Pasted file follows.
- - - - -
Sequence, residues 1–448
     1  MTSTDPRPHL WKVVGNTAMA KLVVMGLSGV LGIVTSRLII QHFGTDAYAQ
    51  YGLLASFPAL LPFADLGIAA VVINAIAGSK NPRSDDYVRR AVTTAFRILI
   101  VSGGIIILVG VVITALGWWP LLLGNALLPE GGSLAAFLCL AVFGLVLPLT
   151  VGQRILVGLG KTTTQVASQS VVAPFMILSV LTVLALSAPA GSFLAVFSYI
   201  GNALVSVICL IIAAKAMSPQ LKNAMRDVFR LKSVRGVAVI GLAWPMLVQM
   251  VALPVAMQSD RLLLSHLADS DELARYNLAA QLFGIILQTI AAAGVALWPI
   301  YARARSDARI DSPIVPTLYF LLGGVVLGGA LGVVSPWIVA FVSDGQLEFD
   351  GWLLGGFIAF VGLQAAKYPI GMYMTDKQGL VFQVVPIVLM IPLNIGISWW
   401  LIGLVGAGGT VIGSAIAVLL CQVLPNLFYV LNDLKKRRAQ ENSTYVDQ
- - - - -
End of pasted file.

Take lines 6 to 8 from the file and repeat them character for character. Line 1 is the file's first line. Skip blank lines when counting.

   201  GNALVSVICL IIAAKAMSPQ LKNAMRDVFR LKSVRGVAVI GLAWPMLVQM
   251  VALPVAMQSD RLLLSHLADS DELARYNLAA QLFGIILQTI AAAGVALWPI
   301  YARARSDARI DSPIVPTLYF LLGGVVLGGA LGVVSPWIVA FVSDGQLEFD